These little pests are tiny, but mighty, and are a huge problem. They make your pets miserable and itchy, and they are known to spread disease, and once they set up operations in your home, they are hard to exterminate. So, why are they difficult to get rid of?
A Flea’s Life Cycle
The stages in a flea’s life are a big reason they are hard to wipe out. When adult females get on a pet they begin feeding on the blood of the animal, and a female can lay up to up to 50 eggs a day. Mature fleas can stay on a pet for several months, so as you can imagine that means in three months, one mature female will have laid up to about 4,500 eggs. If your pet has even 10 mature female fleas feeding from its blood that number increases to 45,000. You can see the math from there and see how a flea problem can quickly increase exponentially when you figure 10 adult females per household pet, just as an example. Flea eggs will fall off the pet and will hatch and grow into adults in the environment.
Eggs can be hatched in the carpet, wall and floor cracks and crevices and other difficult places to access. Within approximately a week or two the eggs hatch into larvae. The larvae prefer places like bedding, carpet, beneath furniture and other out of the way, dark places where they can develop into pupae which will wrap themselves into sticky cocoons so they can complete their development.
Once in their cocoon, even if they have transformed into adults, the flea can remain there for many months until an oblivious host happens along. Fleas will get into your home by getting on animals that have been outside or on our clothes or on a rat or mouse that has found its way into your home.
Fleas are tiny and very difficult to see, and flea eggs, larvae and pupae cannot be seen with the naked eye. So how can you tell if you have a flea issue? Well one way is to look for “flea dirt” or dried blood. The problem is, by the time you have seen the dried blood, you can bet you already have an infestation in full swing. Especially when you consider that the mature fleas only really represent about 5% of the flea infestation. Translated, that means that 95% of the problem involves portions of the flea’s life cycle that you cannot even see.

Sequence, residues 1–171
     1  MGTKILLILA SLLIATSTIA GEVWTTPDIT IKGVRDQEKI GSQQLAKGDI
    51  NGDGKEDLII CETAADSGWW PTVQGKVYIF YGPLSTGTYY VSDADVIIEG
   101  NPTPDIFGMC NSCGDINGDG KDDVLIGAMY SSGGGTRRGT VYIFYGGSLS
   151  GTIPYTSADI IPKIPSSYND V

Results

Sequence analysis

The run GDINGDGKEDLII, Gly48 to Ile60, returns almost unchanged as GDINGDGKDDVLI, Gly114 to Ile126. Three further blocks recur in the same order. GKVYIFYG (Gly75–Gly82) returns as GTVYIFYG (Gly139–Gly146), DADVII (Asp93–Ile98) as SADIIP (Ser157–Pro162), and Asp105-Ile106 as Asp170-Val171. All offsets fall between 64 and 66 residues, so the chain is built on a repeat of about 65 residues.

That means that the way to dispose of your flea population is to break the life cycle. This must be acted on swiftly to keep the females from laying more eggs and to stop the development of those eggs into larvae and pupae and beyond.
The first step is to treat your pet or pets to eliminate the fleas’ food source. You should check with your veterinarian to see what anti-flea treatments are available to eliminate the fleas on your pets and how the product works because different products work in different ways. Some treatments kill the mature fleas, while others stop females from laying eggs. Check with your vet to get recommendations for treatments.
Remember flea treatments must be conducted year-round. The winter doesn’t eliminate fleas, they only lie dormant for a time and the indoor heat can trigger the life cycle to continue even when it is cold outside if the eggs and pupae are still inside.
Treating the Environment
Once your pet has been treated the environment also needs to be treated. The best way to treat the environment is cleaning, here are some suggestions:
- Vacuum often, multiple times a week. Especially in those dark areas that eggs, larvae, and pupae are likely to be found. Also hit cushions, bedding, pillows, and upholstery.
- Wash pet beds in hot soapy water.
- Discard pet toys and buy new ones.
- Seek professional help with All-Natural Pest Elimination, to ensure your flea infestation is handled.
Fighting fleas on your own can be challenging and frustrating, especially when you fail to get rid of them. Instead, call All-Natural Pest Elimination today at 877-662-8449 if you have a flea infestation and let us help you get control of your home once again.